Page’s guitar work was invigorating, from the sprightly 12-string acoustic motifs of “Shake My Tree” to the Zep-esque riffing of “Waiting on You,” “Hot Tonight, ”and “Pride and Joy.” There were quite a few slower, blues-rock tracks that were equally as strong (“Take Me For a Little While” and the “Kashmir”-like “Over Now”) and the whole was formidable. The production is smooth and definitely of its time, but this was undoubtedly Page’s most significant work since Led Zeppelin disbanded in the wake of John Bonham’s death.

The key riff for "Shake My Tree" was something Page had written with at the time of the sessions for Led Zeppelin’s In Through The Out Door but discarded because no-one, apparently, apart John Bonham could get to grips with it. It was even passed up by Paul Rodgers when he and Page were in The Firm. "Pride and Joy" was originally conceived by Coverdale as a Dr. John style blues song called "Barbados Boogie." “And then, of course,” Coverdale laughed, “ he [Page] had to put in this enormous gutter, digusting, churning, malevolent riff [on top]."

On Coverdale/Page, Jimmy played harmonica for the first time since on his solo single “She Just Satisfies” in 1965. He plays a dulcimer on “Pride and Joy,” something he hadn't done on record since “That’s the Way” on Led Zeppelin III. He also used a Gibson Les Paul fitted with a Transperformance system, Steinberg’s automated tuning system that was a precursor to Gibson’s own Robot Tuning technology.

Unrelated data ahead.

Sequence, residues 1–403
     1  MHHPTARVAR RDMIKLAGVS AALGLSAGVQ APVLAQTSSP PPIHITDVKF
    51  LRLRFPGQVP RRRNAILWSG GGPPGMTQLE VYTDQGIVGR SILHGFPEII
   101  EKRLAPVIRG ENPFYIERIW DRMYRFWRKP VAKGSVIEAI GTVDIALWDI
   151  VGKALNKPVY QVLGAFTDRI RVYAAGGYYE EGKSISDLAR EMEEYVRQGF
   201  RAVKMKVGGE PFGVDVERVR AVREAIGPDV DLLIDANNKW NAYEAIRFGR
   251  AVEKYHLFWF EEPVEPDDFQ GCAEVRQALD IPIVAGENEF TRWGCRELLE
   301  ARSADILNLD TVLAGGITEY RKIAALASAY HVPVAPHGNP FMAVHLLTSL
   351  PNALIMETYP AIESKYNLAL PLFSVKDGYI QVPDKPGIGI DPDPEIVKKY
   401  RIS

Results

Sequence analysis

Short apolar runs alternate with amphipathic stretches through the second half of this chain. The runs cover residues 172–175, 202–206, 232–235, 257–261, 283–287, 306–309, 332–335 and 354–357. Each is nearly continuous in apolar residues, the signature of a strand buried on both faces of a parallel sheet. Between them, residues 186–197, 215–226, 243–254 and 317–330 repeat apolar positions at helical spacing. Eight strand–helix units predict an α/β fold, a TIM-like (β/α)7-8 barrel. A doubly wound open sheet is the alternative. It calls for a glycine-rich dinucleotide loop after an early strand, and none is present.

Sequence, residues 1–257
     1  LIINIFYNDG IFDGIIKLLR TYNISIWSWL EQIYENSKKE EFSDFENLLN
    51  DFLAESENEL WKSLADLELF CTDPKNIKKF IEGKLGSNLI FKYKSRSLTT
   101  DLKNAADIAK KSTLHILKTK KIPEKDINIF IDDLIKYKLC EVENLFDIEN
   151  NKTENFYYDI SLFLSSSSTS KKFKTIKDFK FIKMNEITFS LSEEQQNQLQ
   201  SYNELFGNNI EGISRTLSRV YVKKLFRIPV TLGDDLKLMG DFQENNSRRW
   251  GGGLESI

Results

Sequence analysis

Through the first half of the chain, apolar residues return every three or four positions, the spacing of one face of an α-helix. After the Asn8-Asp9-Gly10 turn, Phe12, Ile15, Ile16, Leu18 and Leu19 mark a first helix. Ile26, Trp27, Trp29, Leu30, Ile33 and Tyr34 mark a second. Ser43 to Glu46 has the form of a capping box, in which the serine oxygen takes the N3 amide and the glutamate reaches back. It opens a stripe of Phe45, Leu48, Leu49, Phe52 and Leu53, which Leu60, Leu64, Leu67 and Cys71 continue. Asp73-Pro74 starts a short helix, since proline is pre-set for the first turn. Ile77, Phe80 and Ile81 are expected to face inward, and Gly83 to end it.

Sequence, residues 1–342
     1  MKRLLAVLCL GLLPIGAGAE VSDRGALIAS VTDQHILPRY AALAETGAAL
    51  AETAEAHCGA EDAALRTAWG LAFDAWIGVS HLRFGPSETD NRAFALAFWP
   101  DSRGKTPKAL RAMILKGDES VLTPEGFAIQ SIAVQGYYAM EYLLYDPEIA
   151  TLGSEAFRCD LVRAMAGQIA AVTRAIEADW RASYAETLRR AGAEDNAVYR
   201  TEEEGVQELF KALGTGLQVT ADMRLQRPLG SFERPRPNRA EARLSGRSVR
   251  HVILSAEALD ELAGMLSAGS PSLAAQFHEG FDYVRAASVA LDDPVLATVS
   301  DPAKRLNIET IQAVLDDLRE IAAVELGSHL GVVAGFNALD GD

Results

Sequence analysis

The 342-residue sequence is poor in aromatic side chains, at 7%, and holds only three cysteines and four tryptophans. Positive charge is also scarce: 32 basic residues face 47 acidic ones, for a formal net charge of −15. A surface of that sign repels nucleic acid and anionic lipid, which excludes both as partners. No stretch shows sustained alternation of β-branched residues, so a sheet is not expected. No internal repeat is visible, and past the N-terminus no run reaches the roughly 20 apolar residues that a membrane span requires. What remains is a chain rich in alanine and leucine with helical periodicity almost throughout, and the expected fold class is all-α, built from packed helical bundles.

All said, Coverdale/Page was a landmark album for both. David Coverdale had disbanded his last lineup of Whitesnake. Jimmy Page had tunes he wanted to record. So what went wrong? Certianly not critical reaction. Rolling Stone said, “it may not be the second coming of Led Zeppelin, but it’s close enough that only the most curmudgeonly would deny the band its due... Coverdale’s bluesy howl has never been put to better use than against Page’s guitar.” The U.K.’s Q magazine went further saying, “Excellent... this album screams classic from start to finish.”